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When is a sale a sale?

When the services are completed and you send an invoice?

Okay, that may be when you book the sale in your accounting ledger, true.

Consider this…

A sale is not a sale until the money hits your bank account.

This is not how we do it in accounting unless we are running a cash business.

I have witnessed many businesses get aggressive in selling just to report impressive top-line growth.

What gets missed are these things:

  1. Time it takes to collect.
  2. Customer satisfaction.
  3. Credit worthiness of your customer.
  4. Your Gross Margin (I will explain…).
  5. The accuracy of your invoice.
  6. Did you fulfill what was agreed upon?
  7. Follow-up.
Time To Collect

The longer it takes to collect the less likelihood you will collect.

On a graph it will look like a Black Run downhill ski slope. As time goes on the percentage declines drastically.

Again, a sale is not really a sale unless you can collect it!

Customer Satisfaction

What the heck does customer satisfaction have to do with getting cash in the bank?

Well, when you think about it, an unhappy customer/client will likely resist paying you on time.

This loops back to number 1 above, “Time to Collect”.

This is a toxic cycle where an unhappy customer ignores your invoice and then refuses to pay down the road.

One way to avoid, is an outgoing customer satisfaction survey at the point of sale or shortly after.

Unhappy results can be nipped in the bud before it is too late.

Credit Worthiness of Your Customer

Have you done a credit check?

I remember checking the books of a business in a small town that sold electronics and home appliances.

Their sales were terrific! As in, off the charts for a small-town store.

The problem was that (on further examination of their accounts receivable) the sales staff were paid solely on sales commissions. It did not matter if the customer paid or not.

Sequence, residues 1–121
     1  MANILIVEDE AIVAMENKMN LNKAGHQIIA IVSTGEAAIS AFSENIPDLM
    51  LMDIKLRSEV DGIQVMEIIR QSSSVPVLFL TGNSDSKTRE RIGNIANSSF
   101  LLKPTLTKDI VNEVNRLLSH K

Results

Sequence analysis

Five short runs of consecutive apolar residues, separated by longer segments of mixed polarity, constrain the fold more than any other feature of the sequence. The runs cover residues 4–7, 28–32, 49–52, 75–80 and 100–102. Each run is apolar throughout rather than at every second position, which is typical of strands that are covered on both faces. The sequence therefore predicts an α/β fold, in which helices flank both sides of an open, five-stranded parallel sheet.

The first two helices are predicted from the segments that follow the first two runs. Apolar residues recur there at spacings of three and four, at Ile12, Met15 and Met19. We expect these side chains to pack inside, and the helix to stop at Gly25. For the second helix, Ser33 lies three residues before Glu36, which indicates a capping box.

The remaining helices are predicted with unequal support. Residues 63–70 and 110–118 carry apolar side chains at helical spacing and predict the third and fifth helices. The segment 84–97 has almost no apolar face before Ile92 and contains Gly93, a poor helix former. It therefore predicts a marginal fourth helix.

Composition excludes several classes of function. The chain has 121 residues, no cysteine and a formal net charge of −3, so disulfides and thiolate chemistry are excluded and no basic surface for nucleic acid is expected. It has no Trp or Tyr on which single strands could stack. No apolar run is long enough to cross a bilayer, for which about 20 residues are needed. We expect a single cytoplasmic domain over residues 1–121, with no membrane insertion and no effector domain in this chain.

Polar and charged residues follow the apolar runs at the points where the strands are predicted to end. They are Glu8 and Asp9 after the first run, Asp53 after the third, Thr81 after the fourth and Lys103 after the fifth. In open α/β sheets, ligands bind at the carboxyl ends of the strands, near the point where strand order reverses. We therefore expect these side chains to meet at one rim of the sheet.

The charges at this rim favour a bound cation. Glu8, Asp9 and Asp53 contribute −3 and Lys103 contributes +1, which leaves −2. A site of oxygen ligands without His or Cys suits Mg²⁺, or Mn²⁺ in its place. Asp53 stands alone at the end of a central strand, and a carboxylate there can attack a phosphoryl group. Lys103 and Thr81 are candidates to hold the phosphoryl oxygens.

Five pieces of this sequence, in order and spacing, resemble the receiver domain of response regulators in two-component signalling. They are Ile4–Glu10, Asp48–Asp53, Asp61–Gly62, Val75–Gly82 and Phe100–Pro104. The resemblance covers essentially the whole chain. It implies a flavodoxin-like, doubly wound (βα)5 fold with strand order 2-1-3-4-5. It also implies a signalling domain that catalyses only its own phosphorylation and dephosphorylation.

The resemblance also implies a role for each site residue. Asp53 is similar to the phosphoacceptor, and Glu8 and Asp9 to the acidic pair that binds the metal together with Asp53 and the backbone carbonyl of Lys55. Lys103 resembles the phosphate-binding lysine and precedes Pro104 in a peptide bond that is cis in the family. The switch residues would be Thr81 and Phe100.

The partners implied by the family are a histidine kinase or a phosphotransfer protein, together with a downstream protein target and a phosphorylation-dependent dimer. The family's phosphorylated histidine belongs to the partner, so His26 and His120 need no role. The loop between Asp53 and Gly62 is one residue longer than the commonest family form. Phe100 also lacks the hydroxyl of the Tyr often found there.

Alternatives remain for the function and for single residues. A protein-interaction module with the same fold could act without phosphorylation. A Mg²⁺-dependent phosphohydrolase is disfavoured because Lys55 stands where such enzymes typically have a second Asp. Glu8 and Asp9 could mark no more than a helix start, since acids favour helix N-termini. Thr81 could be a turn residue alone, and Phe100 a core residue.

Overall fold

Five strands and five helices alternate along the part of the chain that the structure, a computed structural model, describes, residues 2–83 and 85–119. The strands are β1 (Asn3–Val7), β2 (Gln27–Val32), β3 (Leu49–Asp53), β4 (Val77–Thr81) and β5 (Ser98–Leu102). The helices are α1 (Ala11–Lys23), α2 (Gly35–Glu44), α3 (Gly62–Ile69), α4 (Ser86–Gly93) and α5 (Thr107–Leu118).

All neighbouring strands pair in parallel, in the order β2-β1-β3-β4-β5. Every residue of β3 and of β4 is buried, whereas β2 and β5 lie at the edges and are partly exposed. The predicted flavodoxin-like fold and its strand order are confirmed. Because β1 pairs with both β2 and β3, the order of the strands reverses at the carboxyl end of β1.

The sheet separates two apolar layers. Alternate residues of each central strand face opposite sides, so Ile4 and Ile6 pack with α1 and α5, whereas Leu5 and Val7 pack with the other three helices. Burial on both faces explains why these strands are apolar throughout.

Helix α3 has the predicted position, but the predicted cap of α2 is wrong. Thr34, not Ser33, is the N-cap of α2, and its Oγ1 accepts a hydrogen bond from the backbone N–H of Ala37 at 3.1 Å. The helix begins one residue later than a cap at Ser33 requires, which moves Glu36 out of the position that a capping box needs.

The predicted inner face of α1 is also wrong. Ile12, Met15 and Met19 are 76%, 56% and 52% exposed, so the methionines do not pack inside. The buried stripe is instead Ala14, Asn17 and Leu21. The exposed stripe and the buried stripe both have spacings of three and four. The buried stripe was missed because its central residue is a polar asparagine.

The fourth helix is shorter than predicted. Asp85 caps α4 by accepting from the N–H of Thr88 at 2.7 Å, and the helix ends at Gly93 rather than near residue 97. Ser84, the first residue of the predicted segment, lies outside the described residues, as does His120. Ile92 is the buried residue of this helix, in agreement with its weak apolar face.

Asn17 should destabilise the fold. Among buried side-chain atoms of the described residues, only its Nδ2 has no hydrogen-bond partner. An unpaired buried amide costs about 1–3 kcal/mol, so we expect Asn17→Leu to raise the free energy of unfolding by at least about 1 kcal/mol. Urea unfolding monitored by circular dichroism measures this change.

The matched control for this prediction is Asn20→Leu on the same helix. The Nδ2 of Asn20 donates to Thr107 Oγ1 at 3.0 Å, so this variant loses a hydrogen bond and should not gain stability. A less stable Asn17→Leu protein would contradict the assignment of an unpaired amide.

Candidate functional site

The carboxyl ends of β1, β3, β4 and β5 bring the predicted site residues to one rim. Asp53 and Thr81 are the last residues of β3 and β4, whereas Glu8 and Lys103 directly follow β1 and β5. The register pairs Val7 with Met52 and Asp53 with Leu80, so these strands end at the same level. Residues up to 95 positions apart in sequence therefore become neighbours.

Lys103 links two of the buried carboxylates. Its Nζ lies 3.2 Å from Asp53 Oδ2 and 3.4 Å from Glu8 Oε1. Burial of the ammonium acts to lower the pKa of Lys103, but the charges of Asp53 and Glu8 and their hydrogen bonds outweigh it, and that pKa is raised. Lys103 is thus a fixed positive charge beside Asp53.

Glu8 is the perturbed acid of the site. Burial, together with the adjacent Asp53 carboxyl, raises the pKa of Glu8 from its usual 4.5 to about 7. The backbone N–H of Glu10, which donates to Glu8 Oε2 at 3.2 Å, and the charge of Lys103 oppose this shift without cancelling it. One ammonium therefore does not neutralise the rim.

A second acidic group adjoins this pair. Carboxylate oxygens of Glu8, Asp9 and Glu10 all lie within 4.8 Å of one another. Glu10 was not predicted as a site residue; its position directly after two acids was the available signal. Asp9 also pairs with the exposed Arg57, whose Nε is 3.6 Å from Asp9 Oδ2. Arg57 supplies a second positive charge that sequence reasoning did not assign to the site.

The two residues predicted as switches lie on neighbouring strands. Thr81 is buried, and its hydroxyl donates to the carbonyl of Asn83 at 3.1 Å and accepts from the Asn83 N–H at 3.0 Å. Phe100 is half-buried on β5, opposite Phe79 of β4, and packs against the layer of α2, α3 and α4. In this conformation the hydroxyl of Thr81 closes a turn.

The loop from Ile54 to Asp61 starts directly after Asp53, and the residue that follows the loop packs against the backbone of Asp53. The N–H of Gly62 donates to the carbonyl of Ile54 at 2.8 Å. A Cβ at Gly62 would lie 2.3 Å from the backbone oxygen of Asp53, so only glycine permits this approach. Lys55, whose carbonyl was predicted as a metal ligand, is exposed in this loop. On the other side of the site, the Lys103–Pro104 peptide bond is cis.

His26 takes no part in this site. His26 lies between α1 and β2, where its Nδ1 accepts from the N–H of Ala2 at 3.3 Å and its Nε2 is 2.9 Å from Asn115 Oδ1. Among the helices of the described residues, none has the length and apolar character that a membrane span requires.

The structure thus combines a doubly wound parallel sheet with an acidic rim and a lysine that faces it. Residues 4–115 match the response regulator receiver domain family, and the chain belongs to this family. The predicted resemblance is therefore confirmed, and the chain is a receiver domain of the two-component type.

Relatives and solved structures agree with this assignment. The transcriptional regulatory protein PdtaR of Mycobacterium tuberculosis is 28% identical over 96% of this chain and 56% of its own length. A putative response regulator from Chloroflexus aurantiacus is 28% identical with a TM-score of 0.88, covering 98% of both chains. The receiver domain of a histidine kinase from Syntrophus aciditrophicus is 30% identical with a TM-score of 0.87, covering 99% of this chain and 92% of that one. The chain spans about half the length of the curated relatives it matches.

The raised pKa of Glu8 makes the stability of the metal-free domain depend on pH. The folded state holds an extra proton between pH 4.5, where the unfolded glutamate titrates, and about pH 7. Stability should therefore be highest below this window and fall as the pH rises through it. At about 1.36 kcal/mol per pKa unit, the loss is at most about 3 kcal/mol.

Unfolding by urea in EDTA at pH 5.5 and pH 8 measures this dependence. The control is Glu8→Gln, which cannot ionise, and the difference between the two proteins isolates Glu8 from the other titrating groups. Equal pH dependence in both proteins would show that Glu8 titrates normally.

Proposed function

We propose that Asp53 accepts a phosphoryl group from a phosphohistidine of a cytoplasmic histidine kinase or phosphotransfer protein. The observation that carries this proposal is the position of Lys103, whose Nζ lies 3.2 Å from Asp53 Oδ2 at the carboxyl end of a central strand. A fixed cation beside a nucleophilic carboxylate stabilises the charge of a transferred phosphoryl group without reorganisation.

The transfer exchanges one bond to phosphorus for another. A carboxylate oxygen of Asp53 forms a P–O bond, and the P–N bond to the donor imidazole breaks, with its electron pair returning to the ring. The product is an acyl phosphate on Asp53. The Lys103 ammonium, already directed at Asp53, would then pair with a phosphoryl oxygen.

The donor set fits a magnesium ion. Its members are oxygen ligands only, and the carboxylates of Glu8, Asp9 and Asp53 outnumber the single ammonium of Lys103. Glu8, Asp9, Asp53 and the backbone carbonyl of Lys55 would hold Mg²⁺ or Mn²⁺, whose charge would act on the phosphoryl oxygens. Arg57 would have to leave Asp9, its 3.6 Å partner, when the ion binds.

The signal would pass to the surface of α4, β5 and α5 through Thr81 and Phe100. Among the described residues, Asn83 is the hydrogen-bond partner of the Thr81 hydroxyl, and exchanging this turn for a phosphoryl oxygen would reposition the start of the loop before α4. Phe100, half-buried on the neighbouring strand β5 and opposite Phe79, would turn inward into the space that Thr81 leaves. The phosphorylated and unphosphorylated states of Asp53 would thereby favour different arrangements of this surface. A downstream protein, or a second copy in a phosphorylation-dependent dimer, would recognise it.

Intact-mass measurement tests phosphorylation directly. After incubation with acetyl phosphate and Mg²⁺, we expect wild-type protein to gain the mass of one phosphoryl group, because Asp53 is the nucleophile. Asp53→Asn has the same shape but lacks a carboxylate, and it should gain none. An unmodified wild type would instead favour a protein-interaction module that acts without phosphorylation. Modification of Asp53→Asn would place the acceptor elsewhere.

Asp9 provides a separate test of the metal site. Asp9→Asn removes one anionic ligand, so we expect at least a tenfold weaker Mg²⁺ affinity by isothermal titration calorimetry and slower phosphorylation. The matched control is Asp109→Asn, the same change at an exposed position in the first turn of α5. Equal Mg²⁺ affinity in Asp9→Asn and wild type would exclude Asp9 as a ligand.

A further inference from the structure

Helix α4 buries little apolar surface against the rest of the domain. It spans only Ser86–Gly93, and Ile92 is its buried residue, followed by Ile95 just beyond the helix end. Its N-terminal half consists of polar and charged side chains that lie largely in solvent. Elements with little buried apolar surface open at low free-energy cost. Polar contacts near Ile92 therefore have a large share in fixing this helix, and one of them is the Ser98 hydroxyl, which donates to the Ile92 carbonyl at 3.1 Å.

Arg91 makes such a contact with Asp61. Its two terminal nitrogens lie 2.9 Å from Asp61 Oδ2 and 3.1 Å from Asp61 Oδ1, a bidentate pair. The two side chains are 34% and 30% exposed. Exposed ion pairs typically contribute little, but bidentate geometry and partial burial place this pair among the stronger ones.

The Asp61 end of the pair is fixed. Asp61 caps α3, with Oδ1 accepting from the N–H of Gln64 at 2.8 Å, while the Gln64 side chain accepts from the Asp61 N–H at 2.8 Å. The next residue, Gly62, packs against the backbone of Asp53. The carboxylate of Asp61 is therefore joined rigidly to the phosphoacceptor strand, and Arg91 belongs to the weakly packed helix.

Credit sales were accepted often without background checks.

We discovered a TV had been sold to a fellow in prison! 😊

Hmmm, try collecting that one without backup!

Can these really be considered sales? More like store theft…

Your Gross Margin

Look at your Gross Margin as a main Key Performance Indicator by product line every week/month.

I know that this has less to do with, “when is a sale a sale” and more to do with cash in the bank.


Because if gross margins are declining it means:

  1. Discounting is happening.
  2. If discounting is happening, margins will be less, and perhaps not enough to cover your fixed costs.
  3. It also could mean that the business is less competitive and getting desperate to make sales at a lower margin.
The Accuracy of Your Invoice

Sales invoices should be sent out with 100% accuracy and fast. At the point of sale or rapidly after.

If you send out invoices that are inaccurate, your customers may, again sit on them, and refuse to pay.

The longer they are outstanding, remember the likelihood goes down that you will collect.

Did You Fulfill Your Agreements?

If the expectations of the sales transaction were not met, or there was any underperformance, then your customer/client may refuse to pay.

And often they do not tell you when they are irritated by underperformance, They just do not pay.

Again, a sale is not sale until the money hits your bank account.


When should you follow-up on your sales?

Within days.

Ask the correct person (usually an accounts payable clerk at your customer’s office) if they:

  1. Received the invoice.
  2. Have any questions?
  3. Is the invoice accurate?
  4. When can you expect payment?

By being proactive you set the stage for early payment.

The follow-up on their promises!

And keep following up. With persistent, firm kindness.

The old cliché “the squeaky wheel gets the grease” is applicable in getting paid on your receivable.

Remember, a sale, from a business point of view, is not a sale until it is in your bank account!

Thank you for reading…